Article
Models of agency--powerful implicit assumptions about what constitutes normatively "good" action--shaped how observers and survivors made meaning after Hurricane Katrina. In Study 1, we analyzed how 461 observers perceived survivors who evacuated (leavers) or stayed (stayers) in New Orleans. Observers described leavers positively (as agentic, indep...
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Full-text available
Social class is one important source of models of agency--normative guidelines for how to be a "good" person. Using choice as a prototypically agentic action, 5 studies test the hypotheses that models of agency prevalent in working-class (WK) contexts reflect a normative preference for similarity to others, whereas models prevalent in middle-class...

Citations

... Additionally, many universities are based on historically White values and cultural expectations; thus, Black students transitioning into a predominately White university may struggle to feel like they socially belong (Birnbaum et al., 2020;Walton & Cohen, 2011). Black emerging adults may experience conflict between the intersection of their Black identity and their developing identity as a college student. ...
... Competition is emphasized more by individualist cultures than collectivist cultures (Triandis et al., 1990), while cooperation is more likely to be chosen by those from collective communities over individualist communities (Allison, 1982;Doucleff, 2014;Friedman et al., 1995;Kagan & Madsen, 1971;Madsen, 1967;Parks & Vu, 1994). In contrast to those raised in a rural setting, urban populations tend to be more individualistic (Barnes, 2000;Triandis, 1995) but these populations are not simply a homogenous group, as individuals from working class backgrounds may have stronger interpersonal skills and perform better in cooperation-oriented tasks than their middle-class counterparts (Dittmann et al., 2020). ...
... 3 Given this increasingly heterogeneous student population, it could be that differently advantaged student groups experienced COVID-19's social impacts unequally (e.g. Phillips et al. 2020). ...
... The d-school at UCT did not shy away from differences and created a space for their students to share different aspects of their diverse social identities and livedexperiences. Stephens et al. (2019) emphasis that "difference matters"; In today's diverse and divided world, instead of avoiding conversations around social-group differences, educators need to embrace them and help their students "to better understand the contextual nature of these differences". They argue that such discussions will benefit students and "help ensure that 21 st -century students will be equipped with the intergroup skills they need to navigate today's increasingly unequal, diverse, and multicultural world." ...
... The present paper extended this literature by evidencing concealment of social background among first-generation students. Universities are environments that are tailored to middle-class culture, norms, and values (Bourdieu, 1985;Stephens et al., 2019). As a consequence, students from working-class backgrounds often feel less comfortable in this environment and can even feel stigmatized due to negative stereotypes surrounding lower social classes and education (Easterbrook et al., 2019). ...
... Teachers with essentialist beliefs were more likely to make stereotypical track recommendations, recommending boys to STEM-oriented schools and girls to languageoriented schools [40]. Conversely, expressing contextual beliefs about group differences to studentsthat differences arise from normal variation in life experiences and can be an assethas closed socioeconomic disparities in achievement [41][42][43]. ...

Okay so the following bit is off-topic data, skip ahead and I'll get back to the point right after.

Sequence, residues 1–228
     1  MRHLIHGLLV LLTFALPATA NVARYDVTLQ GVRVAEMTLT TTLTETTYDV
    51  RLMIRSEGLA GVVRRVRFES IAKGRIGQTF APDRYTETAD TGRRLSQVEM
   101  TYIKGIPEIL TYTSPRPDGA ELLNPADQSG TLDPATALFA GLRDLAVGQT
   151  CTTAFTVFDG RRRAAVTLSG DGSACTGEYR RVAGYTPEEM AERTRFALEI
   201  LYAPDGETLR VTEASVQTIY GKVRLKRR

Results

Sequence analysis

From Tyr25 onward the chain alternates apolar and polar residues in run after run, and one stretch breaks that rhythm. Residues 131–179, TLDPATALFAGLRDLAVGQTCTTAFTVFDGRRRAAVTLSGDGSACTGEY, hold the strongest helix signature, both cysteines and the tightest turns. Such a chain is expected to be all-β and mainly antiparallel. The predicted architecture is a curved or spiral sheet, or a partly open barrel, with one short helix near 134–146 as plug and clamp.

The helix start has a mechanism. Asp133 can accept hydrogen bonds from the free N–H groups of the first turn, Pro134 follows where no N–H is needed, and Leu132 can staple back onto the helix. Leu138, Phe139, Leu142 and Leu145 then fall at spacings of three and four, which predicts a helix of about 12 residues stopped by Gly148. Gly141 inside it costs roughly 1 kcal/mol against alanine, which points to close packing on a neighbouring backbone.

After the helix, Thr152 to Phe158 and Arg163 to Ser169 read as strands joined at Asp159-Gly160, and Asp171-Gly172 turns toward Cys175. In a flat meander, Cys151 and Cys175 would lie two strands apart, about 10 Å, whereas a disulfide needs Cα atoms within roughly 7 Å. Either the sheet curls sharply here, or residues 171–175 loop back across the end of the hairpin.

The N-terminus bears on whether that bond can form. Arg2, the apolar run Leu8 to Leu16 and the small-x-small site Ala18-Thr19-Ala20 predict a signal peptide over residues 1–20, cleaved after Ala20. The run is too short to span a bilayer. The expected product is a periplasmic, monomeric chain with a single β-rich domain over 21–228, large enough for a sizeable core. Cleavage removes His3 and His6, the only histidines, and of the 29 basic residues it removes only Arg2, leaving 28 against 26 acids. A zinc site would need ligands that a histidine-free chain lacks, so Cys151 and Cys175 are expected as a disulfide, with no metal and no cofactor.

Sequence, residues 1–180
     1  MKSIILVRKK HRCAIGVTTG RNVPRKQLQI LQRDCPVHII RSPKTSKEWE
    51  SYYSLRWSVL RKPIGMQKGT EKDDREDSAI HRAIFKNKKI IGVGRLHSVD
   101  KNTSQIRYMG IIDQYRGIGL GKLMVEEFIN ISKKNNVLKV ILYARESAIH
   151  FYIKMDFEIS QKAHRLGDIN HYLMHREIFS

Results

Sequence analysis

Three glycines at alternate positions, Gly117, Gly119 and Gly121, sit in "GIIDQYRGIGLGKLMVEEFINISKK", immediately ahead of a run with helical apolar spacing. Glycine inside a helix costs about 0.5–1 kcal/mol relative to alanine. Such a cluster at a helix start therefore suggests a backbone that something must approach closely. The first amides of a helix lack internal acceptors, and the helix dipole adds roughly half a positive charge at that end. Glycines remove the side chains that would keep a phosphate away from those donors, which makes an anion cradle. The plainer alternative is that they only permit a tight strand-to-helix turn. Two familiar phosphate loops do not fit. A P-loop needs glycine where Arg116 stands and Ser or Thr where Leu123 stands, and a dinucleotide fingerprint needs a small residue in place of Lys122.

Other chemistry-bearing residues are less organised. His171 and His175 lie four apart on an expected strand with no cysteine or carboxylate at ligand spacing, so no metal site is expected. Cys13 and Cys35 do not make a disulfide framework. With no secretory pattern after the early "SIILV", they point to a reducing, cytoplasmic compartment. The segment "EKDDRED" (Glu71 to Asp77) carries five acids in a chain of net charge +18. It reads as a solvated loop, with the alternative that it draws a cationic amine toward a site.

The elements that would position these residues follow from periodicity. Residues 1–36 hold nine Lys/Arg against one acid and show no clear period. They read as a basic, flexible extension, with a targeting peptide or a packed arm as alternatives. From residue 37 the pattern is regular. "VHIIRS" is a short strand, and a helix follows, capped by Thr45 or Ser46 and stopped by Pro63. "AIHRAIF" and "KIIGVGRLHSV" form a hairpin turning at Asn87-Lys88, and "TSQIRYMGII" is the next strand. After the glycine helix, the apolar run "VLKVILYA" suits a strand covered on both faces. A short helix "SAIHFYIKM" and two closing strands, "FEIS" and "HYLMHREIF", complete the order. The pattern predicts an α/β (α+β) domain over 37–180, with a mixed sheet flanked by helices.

... In fact, emotion and homophily (i.e., the tendency to have ties with people who share similar sociodemographic, behavioral, and personal characteristics) were the most prevalent factors affecting the assessment of candidates in job interviews (Rivera, 2015). Complementing this line of research, a recent study found that the way job candidates display emotions during job interviews affects the likelihood of them being hired (Bencharit et al., 2018). This effect is positive if there is a match between the emotions (i. ...
... Theoretical: Our study provides support to the idea that the concept of success implies nuances that need to be considered and that these nuances can be explained considering an intersectional approach (see Markus & Stephens, 2017), particularly in terms of gender and SSS, as we found SSS differences in how women conceptualise success. Furthermore, our study provides insights to understand how what it might be as a goal for some women (work life balance) it is indeed seen as a challenge difficult to pursue for others. ...
... Narcissistic female leaders, compared to narcissistic male leaders, who lack prescribed traits like kindness and warmth or possess proscribed traits such as arrogance, were perceived as less effective leaders by subordinates [55]. Kennedy and colleagues leverage experimental and field data to show that female attorneys were expected to conform to professional ethics codes more and were punished more harshly for ethical transgressions than male attorneys [56]. Echoing this finding, female financial advisers were punished more harshly following misconduct, were more likely to be fired and less likely to find a new job relative to male financial advisers [57]. ...
... Other studies suggest that grit personality traits are variables which cause a person to develop either positive or negative performance . Grit personality includes perseverance and passion in achieving long-term goals of which someone will consistently fight for (Duckworth, 2016;Duckworth, Peterson, Mathews & Kelly, 2007: as cited in Smallets, Townsend & Stephens, 2017). ...